11. Every time I dehydrate and then go back to use eproduct, it is moldy. I even used oxygen removal pkts. I use an Excalibur. Help!!!

    1. The Survival Mom

      My guess is that your foods aren’t being dehydrated long enough AND if you’re in Florida, the humidity may be adding moisture to your foods. How are you packaging them and have you thought of using desiccant packets? I would recommend using both oxy absorbers and desiccant packets in your containers and make sure the food is dried until it snaps when you break a piece in half. Hope that helps.

  12. I regularly dry mushrooms, onions, tomatoes, carrots, peppers….( I can gets lots of stuff periodically free, so it’s a great way to preserve things when I have way more than I can eat fresh ) I keep everything in the fridge in regular Ziploc bags, together in a basket, so when I’m cooking the whole basket can come out. Keeps everything neat and handy. I’ve never had anything go bad on me. I know you shouldn’t have to keep any of it in the fridge but I feel better about it.
    I did have some wonderful deer jerky that took on a funny smell after about a year. Since I’d already eaten most I threw the rest out. Maybe it wasn’t dry enough but it did good for almost a year, so I win!
    (ground deer, like hamburger, onion soup mix, worcestershire, soy, mixed super good then smashed between saran wrap or wax paper. (lets you get it thinner and more even with little mess ) peal the wrap off as you lay it onto your trays. )

  13. Barbara in Colorado

    I love to dehydrate frozen shredded hash born potatoes. I buy a couple of 30 oz bags when they’re on sale and I get over 2 quarts of dried potatoes to vacuum seal. I just cut open the bags and spread the potatoes out on the dehydrator trays. I have a Nesco with the fan at the top and get about 6-8 trays of potatoes. I process them at about 125 degrees for about 8″ish” hours. They rehydrate in a about 30 minutes, doubling in size. A quick press & squeeze and they ready to pop in the skillet. They’re the only potato I would try to do myself. I especially love the convenience of having them on hand and it’s easy to mix in onion & peppers etc after they’re rehydrated (or you can pre-package them with the freeze dried equivalents and a packet of freeze dries eggs and have breakfast in a bag.

  14. We purchased a round dehydrator and 8 trays about 15 years ago. Living in the Rocky Mountains there wasn’t much humidity, yet it was a complete disaster. Even 2 trays would not dry in 2-3 days. At that point I gave up. Fast forward 12 years and I bit the bullet to try again, only with better quality. I purchased an Excaliber and LOVE it!!! We use it all the time when it’s out on the counter. If it gets moved that’s an entirely different matter. We currently live in the highly humid southeast, yet haven’t had any problems.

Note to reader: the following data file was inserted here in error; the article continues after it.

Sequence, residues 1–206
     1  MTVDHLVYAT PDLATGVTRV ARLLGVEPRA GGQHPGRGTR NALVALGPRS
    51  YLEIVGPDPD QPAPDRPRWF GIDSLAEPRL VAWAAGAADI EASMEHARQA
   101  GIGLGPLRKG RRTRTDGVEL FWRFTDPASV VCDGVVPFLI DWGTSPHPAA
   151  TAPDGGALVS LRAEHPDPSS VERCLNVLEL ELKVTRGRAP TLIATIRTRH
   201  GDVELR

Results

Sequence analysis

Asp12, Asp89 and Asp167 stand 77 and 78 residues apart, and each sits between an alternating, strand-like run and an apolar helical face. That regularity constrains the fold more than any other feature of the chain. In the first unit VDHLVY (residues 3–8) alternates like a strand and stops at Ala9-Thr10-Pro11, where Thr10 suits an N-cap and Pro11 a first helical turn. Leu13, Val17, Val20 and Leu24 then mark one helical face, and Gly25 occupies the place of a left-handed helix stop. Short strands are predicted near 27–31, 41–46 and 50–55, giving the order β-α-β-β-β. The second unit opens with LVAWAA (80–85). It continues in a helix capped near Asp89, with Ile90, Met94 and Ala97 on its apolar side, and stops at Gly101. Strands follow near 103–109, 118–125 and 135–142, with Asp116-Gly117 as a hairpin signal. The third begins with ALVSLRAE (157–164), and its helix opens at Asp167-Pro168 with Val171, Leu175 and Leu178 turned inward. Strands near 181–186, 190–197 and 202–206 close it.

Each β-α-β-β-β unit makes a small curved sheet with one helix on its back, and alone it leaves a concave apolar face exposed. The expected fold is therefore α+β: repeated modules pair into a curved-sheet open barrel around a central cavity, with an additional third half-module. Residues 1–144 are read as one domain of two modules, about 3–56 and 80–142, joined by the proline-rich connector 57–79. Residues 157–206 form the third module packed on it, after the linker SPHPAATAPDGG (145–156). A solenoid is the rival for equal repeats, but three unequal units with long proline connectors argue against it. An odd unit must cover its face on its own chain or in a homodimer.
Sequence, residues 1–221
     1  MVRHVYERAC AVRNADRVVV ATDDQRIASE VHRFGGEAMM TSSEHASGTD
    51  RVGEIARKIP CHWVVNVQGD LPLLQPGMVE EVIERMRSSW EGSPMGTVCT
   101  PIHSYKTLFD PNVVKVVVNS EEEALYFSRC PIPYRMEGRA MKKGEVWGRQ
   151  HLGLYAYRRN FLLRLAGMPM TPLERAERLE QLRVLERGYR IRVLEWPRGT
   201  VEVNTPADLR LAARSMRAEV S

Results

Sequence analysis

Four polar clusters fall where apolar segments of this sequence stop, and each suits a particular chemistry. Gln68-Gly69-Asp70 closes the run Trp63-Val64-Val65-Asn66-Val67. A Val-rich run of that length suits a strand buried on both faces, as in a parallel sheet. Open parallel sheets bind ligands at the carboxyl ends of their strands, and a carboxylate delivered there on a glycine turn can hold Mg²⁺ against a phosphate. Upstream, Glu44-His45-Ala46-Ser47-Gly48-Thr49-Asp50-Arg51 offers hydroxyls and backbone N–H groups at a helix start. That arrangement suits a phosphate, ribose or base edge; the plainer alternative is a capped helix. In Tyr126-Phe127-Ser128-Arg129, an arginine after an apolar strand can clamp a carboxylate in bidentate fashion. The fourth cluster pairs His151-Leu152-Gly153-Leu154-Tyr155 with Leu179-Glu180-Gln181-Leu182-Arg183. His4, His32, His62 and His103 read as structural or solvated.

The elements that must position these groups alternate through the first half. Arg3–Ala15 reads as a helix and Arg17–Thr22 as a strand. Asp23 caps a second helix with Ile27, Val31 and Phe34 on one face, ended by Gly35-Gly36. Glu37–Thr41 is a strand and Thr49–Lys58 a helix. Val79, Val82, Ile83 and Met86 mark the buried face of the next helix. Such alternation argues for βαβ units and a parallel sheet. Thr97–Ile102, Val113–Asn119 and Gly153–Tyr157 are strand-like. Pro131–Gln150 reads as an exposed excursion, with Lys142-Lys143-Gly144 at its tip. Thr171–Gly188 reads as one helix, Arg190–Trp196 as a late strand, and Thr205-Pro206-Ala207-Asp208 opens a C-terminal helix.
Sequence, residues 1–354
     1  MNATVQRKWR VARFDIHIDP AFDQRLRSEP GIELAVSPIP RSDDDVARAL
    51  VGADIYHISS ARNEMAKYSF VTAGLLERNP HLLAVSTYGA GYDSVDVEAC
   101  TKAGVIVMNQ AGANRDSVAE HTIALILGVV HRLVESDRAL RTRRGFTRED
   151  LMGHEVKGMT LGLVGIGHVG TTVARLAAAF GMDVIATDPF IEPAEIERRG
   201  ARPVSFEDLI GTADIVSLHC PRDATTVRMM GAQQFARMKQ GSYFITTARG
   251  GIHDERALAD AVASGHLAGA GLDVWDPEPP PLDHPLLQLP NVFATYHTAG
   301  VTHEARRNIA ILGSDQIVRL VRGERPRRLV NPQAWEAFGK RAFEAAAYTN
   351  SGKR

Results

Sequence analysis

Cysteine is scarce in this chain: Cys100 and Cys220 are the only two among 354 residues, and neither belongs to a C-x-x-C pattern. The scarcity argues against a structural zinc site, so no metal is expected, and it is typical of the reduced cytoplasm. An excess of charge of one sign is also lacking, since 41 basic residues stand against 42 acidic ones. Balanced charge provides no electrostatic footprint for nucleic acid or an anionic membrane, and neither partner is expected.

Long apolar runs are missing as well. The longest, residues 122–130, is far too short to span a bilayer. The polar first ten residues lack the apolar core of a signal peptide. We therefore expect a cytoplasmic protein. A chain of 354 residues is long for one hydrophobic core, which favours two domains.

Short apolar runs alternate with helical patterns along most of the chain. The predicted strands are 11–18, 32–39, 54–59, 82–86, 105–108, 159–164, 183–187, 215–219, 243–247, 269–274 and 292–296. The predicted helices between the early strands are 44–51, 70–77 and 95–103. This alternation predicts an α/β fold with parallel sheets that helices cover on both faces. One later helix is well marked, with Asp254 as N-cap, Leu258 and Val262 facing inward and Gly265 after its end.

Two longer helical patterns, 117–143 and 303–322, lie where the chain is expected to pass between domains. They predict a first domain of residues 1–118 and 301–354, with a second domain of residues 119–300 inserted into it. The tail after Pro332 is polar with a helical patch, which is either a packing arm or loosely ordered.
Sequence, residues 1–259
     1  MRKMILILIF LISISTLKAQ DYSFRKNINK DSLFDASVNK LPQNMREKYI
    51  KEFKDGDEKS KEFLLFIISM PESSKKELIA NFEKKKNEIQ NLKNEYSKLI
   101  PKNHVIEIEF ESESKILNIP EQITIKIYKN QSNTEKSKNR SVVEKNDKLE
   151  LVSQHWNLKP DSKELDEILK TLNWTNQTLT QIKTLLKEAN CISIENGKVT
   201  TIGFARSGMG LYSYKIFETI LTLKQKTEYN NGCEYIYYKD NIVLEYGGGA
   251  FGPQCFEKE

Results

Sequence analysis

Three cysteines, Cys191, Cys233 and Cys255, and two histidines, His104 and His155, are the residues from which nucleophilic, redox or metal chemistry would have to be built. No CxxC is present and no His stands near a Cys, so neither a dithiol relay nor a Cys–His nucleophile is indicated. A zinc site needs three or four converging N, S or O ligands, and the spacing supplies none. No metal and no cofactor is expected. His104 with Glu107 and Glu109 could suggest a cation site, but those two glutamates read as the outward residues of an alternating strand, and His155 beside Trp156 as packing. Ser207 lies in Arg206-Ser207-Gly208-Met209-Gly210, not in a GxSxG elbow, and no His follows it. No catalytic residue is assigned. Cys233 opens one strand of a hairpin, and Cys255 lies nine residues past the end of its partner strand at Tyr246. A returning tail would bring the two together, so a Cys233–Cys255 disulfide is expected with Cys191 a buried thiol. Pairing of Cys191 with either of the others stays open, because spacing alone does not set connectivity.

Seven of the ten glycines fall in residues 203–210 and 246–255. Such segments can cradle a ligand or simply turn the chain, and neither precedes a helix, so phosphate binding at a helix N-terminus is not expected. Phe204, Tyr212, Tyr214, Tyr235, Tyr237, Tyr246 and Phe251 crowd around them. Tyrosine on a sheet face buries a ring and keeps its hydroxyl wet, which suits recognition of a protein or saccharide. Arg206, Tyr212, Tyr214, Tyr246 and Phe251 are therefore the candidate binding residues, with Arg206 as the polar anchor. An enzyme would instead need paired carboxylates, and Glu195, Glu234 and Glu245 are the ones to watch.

Now my Food Saver is another matter. When it actually decides to vacuum, it doesn’t hold more than a few weeks at most.

    1. Grandmamom, My food saver is hit & miss, too. On trick I learned was always to put the pebbly side down. Never saw that in the instruction book, but it may be there…

  15. I’ve dehydrated deer jerky many many times in my electric oven. Just cover the bottom of the oven with foil ( I marinated the strips, so there will be dripping ) and set the temp at the lowest and leave in till dry. Usually takes overnight. I have dried 700 strips at a time because I hang with toothpicks.

  16. Why would you empty out cans of peaches and dry them? I can understand drying fresh peaches to preserve them but canned are fine to store. Plus people can eat a lot more dried fruit than they could get through fresh so those 10 cans of peaches won’t last anywhere near as long once dried.

    1. The Survival Mom

      Anything dehydrated is much more lightweight than anything canned, so the food is more portable. It’s just another option for people interested in dehydrating food. Dried fruit cocktail is another treat.

  17. We are newbies to prepping and a family of seven. How long can dehydrated foods last for, when stored in mylar bags? Thanks for you help.

    1. The Survival Mom

      They can last for years but will need an oxygen absorber added to the mylar bag before sealiing. Store all food in cool, dark, and dry locations to lengthen the shelf life.

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  19. Lisa, I HOPE you find this question! I have an Excalibur 9 tray after reading one of your inspiring articles about dehydrating. What I desperately want to know is: Is there any EASY way to clean the trays and those mesh liners after doing jerky, for example?? Please help. It is SUCH a chore to soak and scrub to get them clean. I am deterred from making more jerky more often(the boys eat it all up in just a few days) due to the absolute CHORE of cleaning those darn things. Pieces of marinade and meat fly everywhere at the beginning of scrubbing it all of, and I am so frustrated. I have even put them all in a cleaned bathtub, let them soak in Dawn Platinum for a few hours, bent over the tub to scrub them, put a filter over the drain to catch the junk, rinsed the sheets in the tub, rinse the tub, scrub the tub, rinse again, clean the filter, then swear I hate dehydrating for this reason only. Any help for me?? Thank you for reading!